New Way To Install Solar With No Holes For Racks

We missed it earlier this year when Solar Energy Management put out word [PDF] of a fascinating and very different way to put a solar power system on a big roof. But a story this week in the Sarasota (Fla.) Herald-Tribune about another such installation has the technique – in which urethane sprayed onto the roof holds solar array stands upright, making it unnecessary to actually penetrate the roof – in the news again.

We’ll get into the potential benefits of this, but first check out the video of the initial installation, a 50-kilowatt job done back in January at the SunTrust building in St. Petersburg, Florida.

There are other nonpenetrating solar possibilities out there – you can see some of them here – but they don’t appear to be nearly as perfect for Florida.

For one thing, now and again Florida sees a nasty hurricane roar through: Solar Energy Management says its system can withstand wind loads in excess of 200 mph. Obviously, if that verifies, it’s a huge plus.

Another benefit the system could offer that we hadn’t thought of: “With Florida’s substantial rain fall, Solar Energy Management offers this solution to clients who are concerned about roof penetrations and who may need a new roof.”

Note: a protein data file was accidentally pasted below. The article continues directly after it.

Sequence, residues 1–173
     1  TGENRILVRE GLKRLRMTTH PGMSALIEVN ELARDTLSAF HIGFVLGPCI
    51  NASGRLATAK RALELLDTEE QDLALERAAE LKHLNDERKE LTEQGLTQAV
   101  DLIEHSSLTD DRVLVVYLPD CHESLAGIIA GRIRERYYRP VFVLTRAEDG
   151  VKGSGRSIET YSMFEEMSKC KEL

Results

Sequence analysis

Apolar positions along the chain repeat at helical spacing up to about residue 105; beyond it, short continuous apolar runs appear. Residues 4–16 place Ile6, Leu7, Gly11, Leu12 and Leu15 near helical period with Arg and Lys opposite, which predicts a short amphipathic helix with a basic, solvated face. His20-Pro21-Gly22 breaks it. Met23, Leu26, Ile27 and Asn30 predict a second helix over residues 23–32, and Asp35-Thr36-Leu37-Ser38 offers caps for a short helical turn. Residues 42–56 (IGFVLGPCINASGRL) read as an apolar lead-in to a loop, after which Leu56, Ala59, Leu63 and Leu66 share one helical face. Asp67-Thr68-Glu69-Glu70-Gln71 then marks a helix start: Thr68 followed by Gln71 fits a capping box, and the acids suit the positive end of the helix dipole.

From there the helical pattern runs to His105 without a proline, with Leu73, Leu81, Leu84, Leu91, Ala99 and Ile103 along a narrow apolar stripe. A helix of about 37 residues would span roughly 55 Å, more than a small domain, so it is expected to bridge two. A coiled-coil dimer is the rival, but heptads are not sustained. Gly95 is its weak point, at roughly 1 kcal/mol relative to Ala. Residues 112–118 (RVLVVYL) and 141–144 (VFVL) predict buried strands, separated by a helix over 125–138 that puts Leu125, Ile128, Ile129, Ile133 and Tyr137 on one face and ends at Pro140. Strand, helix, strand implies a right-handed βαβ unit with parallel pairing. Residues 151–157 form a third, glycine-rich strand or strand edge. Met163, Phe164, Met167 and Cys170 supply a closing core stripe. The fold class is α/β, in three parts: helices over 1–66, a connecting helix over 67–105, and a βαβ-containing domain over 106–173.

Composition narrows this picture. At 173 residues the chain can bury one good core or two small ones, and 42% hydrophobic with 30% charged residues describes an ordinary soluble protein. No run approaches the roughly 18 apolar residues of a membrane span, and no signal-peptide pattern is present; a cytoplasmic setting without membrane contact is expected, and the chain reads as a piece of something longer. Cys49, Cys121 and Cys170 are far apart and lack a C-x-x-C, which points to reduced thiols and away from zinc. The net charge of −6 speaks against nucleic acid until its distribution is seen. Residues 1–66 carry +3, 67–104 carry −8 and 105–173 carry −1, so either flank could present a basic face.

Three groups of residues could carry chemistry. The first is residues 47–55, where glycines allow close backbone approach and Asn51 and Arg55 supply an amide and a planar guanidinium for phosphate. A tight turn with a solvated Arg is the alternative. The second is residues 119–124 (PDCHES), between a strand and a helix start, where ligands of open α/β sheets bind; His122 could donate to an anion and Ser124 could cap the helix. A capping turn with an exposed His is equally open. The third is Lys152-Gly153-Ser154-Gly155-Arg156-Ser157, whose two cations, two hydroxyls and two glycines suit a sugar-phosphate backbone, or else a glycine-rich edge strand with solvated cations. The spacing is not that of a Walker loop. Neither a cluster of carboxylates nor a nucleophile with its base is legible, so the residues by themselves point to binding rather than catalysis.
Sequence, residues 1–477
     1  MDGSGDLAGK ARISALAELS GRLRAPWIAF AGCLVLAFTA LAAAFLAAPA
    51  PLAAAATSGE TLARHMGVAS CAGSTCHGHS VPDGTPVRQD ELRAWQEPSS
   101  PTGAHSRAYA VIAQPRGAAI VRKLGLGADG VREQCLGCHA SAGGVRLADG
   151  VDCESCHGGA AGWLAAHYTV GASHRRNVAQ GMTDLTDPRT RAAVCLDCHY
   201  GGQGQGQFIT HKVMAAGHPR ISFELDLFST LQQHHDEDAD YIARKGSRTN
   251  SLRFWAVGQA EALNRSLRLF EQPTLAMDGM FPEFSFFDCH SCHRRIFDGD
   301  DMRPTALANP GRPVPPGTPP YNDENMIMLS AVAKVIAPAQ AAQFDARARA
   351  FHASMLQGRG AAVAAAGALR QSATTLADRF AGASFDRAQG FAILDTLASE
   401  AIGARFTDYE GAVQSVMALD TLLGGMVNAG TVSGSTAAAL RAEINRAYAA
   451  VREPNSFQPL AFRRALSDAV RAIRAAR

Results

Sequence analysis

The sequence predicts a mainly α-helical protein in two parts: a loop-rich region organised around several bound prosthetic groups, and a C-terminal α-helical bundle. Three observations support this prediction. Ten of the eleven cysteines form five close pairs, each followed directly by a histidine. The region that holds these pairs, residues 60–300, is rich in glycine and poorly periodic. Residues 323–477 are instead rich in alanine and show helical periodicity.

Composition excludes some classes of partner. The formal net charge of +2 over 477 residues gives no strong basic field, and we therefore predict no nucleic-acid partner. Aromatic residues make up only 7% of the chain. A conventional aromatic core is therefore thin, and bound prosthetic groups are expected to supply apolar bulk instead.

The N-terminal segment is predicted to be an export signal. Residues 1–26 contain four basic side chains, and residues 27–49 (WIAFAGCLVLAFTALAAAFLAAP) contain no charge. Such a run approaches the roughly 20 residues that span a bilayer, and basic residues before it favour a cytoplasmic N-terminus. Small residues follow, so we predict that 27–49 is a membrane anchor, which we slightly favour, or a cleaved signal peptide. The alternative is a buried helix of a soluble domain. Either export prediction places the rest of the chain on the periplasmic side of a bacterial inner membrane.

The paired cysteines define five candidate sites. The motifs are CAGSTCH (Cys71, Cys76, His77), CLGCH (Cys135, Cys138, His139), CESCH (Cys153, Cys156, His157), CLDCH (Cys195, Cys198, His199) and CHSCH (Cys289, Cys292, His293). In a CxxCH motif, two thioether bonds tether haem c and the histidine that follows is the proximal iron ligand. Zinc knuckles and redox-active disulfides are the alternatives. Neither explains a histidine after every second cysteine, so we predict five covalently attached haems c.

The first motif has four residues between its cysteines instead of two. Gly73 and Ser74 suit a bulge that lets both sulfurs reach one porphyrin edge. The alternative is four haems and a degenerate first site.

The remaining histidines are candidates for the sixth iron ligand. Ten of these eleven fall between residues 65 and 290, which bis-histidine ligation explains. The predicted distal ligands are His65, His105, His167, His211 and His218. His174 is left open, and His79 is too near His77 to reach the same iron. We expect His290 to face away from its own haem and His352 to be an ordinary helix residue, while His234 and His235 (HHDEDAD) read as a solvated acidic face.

According to Solar Energy Management, the distributed load foamed-in attachment system was designed by a local structural engineer after the building’s owner, Wallace Welch & Willingham Insurance, expressed concern about conventional ballasted or mechanically attached solar racking systems. Solar Energy Management said.

This innovative attachment method was presented to the directors of Wallace Welch & Willingham. It was unanimously voted that their building would be the very first in the world to implement this method of attachment for solar modules. In addition, the new spray foam urethane roof has ancillary benefits, such as adding additional insulation to the roof, and the white granular roof coating reflects heat from the sun.

Things must be working out pretty well with the system, since as the Herald-Tribune reported, a second installation is in the works in Manatee County right now, and a third installation is expected before the end of the year.

Pete Danko is a writer and editor based in Portland, Oregon. His work has appeared in Breaking Energy, National Geographic's Energy Blog, The New York Times, San Francisco Chronicle and elsewhere.

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